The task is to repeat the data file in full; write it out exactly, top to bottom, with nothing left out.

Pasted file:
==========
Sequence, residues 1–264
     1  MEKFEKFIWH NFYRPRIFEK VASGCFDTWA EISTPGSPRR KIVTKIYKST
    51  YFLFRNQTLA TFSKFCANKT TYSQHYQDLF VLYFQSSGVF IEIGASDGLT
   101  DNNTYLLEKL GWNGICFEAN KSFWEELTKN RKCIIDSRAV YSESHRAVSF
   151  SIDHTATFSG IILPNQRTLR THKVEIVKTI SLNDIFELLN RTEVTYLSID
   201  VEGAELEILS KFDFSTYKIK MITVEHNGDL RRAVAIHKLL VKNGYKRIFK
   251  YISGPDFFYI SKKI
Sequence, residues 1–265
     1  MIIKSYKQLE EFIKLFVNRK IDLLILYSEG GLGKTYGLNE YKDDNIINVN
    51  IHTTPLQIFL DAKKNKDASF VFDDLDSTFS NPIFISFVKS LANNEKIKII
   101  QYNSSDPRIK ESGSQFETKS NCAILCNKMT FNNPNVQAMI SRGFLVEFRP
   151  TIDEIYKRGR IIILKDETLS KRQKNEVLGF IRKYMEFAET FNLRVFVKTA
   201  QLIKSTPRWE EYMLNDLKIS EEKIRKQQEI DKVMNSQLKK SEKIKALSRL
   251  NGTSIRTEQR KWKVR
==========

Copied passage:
Sequence, residues 1–264
     1  MEKFEKFIWH NFYRPRIFEK VASGCFDTWA EISTPGSPRR KIVTKIYKST
    51  YFLFRNQTLA TFSKFCANKT TYSQHYQDLF VLYFQSSGVF IEIGASDGLT
   101  DNNTYLLEKL GWNGICFEAN KSFWEELTKN RKCIIDSRAV YSESHRAVSF
   151  SIDHTATFSG IILPNQRTLR THKVEIVKTI SLNDIFELLN RTEVTYLSID
   201  VEGAELEILS KFDFSTYKIK MITVEHNGDL RRAVAIHKLL VKNGYKRIFK
   251  YISGPDFFYI SKKI
Sequence, residues 1–265
     1  MIIKSYKQLE EFIKLFVNRK IDLLILYSEG GLGKTYGLNE YKDDNIINVN
    51  IHTTPLQIFL DAKKNKDASF VFDDLDSTFS NPIFISFVKS LANNEKIKII
   101  QYNSSDPRIK ESGSQFETKS NCAILCNKMT FNNPNVQAMI SRGFLVEFRP
   151  TIDEIYKRGR IIILKDETLS KRQKNEVLGF IRKYMEFAET FNLRVFVKTA
   201  QLIKSTPRWE EYMLNDLKIS EEKIRKQQEI DKVMNSQLKK SEKIKALSRL
   251  NGTSIRTEQR KWKVR